However, no rules or guidelines are watertight. At the end of the day it is honesty and integrity that would matter or make a difference. If a minister donates a statue to the village Lhakhang in his constituency and books the expenditure as H&E, it is not right. Nobody will question that.

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Bhutan lost a maestro of musical and cultural legend

Wed, 10/12/2022 - 12:01

Rinzin Wangchuk

Renowned Bhutanese singer, dancer and musician, Ap Dawpel will be remembered by the people of Bhutan, especially his students, as an unparalleled maestro of folk music instruments and performance of traditional Zhungdra songs.

Druk Thuksey (Heart Son of Bhutan) medal recipient, Ap Dawpel passed away at his residence in Motithang, Thimphu on September 28. He was 91.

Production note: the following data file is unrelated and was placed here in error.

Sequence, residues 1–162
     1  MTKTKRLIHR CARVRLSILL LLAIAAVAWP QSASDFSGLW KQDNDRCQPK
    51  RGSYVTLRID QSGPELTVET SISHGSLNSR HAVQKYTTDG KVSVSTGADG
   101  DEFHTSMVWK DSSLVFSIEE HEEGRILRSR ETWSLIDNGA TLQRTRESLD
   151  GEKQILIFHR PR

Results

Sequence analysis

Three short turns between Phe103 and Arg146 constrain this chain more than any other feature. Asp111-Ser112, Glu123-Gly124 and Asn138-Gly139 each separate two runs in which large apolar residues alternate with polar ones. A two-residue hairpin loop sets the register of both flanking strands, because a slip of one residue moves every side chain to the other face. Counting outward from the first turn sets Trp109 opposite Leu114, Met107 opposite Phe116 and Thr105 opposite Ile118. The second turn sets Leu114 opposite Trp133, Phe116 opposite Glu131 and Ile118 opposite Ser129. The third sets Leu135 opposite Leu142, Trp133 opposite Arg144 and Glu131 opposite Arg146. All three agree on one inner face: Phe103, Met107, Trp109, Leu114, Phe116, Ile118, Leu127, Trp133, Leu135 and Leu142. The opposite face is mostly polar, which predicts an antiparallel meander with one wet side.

A relative of Ap Dawpel said that Jojo (great grandfather) was not well because of his old age. “Despite his poor health, Jojo used to sing “Thrungla Ya Ya” (a traditional song dedicated to Zhabdrung Ngawang Namgyel) when his followers and well-wishers came to see him,” she said.

From Talo Nobgang, Ap Dawpel’s real name was Dawa Peljor also called Kinzang Tshering when he was a mask dancer at the Punakha Dzong.

Ap Dawpel, who picked up his flute at the age of nine,  spent the rest of his life with folk musical instruments- lim (flute), chiwang (violin), and dranyen (lute).